Tick-borne encephalitis (TBE) is a so-called zoonosis, a disease that can be spread from animals to humans. The virus is typically spread through tick bites, and can cause a severe infection on the central nervous system. The virus has been present in Norway for several years with human cases occasionally happening in the south and southeastern areas of the country.
TBE-virus has been identified in milk in other European countries, where the consumption of unpasteurized milk has been associated with infection. Although the virus is killed during pasteurization in conventional milk production, there are some processes of cheese production in other countries that do not undergo full pasteurization. Incomplete pasteurization may allow the virus to survive in these products as well.
–This does not apply to nowadays-commercial production of dairy products in Norway, says Carlos das Neves, director of research and internationalization at the Norwegian Veterinary Institute. He is a co-author, together with engineer Faisal Suhel, in an article that identified TBE-virus in unpasteurized cow milk from Norway. The work has been led by the Norwegian Institute of Public Health and the Norwegian University of Life Sciences (NMBU).
- Nevertheless, with the ongoing discussion whether the Norwegian market should open up for the sale of unpasteurized milk products, these findings may be relevant to take into account when assessing risk, says das Neves.
The Norwegian Veterinary Institute is also mapping TBE-infections in animals
– The virus has been circulating in Scandinavia for several years in both humans and ticks, but we still struggle to understand the dynamics on how this virus spreads. Screening for this virus exclusively in ticks is a cumbersome work, especially as the ticks are gradually expanding their range northwards. By mapping the incidence of TBE in wild animals, which are likely to be in contact with infected ticks, we can perhaps get a better picture of how widespread the virus is in Norway, explains das Neves.
–The screening we are undertaking is vital in several ways. Seen from a public health perspective, identifying the virus in areas where we still have no human cases of the disease may help the authorities to develop appropriate policies, including vaccination. However, such monitoring is also crucial for animal health. While TBE itself seems not to be particularly dangerous to cervids, ticks can carry other viruses closely related to TBE such as Louping Ill-virus. This virus can cause a fatal disease in sheep and also has zoonotic potential. Louping Ill has previously been reported in southern Norway in the 1980s and 90s, das Neves explains.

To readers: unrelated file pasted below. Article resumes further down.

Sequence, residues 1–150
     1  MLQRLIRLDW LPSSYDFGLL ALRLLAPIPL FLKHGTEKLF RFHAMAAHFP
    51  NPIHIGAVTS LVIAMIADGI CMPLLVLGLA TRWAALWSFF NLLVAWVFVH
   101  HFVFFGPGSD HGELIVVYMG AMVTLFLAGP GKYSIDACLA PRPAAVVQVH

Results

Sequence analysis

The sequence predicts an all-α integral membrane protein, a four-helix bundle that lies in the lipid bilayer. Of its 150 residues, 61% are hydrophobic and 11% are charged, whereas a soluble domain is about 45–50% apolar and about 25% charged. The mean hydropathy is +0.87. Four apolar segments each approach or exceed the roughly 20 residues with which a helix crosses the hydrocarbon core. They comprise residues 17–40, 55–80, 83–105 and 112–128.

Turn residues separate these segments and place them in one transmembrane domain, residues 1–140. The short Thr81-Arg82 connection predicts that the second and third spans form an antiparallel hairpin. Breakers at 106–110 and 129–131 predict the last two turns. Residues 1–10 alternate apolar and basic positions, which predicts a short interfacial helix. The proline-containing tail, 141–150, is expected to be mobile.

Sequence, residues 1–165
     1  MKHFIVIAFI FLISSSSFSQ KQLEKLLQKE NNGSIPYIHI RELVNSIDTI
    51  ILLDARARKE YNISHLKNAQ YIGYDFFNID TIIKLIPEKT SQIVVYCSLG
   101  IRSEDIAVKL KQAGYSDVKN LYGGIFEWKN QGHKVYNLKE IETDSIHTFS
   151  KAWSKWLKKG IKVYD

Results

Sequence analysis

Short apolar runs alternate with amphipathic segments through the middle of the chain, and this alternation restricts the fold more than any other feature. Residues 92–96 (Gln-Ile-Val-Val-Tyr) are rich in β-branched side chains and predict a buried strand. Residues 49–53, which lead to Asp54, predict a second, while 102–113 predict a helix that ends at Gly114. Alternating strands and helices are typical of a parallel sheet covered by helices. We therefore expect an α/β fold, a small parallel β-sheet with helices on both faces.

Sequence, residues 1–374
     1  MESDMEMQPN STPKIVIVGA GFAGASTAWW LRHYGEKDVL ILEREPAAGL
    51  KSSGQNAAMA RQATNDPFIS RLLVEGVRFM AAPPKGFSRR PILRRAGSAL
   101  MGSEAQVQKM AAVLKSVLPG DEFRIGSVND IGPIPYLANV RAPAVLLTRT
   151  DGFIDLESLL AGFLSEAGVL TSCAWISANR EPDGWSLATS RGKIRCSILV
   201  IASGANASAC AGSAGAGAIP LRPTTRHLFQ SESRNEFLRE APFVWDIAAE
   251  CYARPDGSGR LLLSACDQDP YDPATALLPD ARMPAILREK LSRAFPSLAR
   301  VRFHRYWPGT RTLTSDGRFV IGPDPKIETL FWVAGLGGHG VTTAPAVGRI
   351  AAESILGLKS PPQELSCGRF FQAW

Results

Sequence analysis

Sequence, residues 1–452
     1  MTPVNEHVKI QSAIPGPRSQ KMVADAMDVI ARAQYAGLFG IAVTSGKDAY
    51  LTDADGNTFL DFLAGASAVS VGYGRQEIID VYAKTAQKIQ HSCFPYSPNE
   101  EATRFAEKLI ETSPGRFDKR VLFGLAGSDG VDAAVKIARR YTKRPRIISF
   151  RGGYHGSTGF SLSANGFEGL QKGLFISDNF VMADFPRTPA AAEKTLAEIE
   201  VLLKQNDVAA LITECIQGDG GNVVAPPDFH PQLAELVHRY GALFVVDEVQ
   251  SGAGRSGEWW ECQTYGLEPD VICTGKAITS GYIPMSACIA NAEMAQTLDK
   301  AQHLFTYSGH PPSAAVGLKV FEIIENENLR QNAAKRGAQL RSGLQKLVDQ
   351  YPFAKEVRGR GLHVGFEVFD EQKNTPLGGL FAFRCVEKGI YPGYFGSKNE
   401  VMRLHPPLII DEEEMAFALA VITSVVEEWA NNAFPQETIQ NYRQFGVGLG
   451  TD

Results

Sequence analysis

From Agder in the south to Nordland in the north of Norway
- So far, we have investigated blood from 650 cervids in several counties, from Agder in the south to Nordland in the north, and we are finding antibodies for TBE in some of these animals, especially in moose and in areas where humans cases have never been reported. These results are now soon ready to be published, says das Neves.
- Our study strengthens the hypothesis that cervids can be an additional tool to map the prevalence of this virus in the country, working perhaps as a sentinel species, as already proposed by other European studies.
We need to know more about the occurrence of TBE in wild animals and milk-producing animals such as cows and goats. As climate is changing and ticks expanding their range northwards, it will be even more critical in the future to follow up on this topic. This research is without a doubt an excellent example of One health-research where animals, humans and the environment is interlinked, das Neves concludes.
Read more about TBE in milk:
Tick-borne encephalitis virus in cows and unpasteurized cow milk from Norway